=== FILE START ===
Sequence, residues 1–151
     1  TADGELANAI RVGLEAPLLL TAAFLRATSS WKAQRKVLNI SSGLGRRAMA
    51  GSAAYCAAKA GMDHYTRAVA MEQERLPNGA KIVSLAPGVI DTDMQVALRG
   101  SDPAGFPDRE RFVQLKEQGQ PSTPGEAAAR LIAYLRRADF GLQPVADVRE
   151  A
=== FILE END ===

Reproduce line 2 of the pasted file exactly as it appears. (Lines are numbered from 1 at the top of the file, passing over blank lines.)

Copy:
     1  TADGELANAI RVGLEAPLLL TAAFLRATSS WKAQRKVLNI SSGLGRRAMA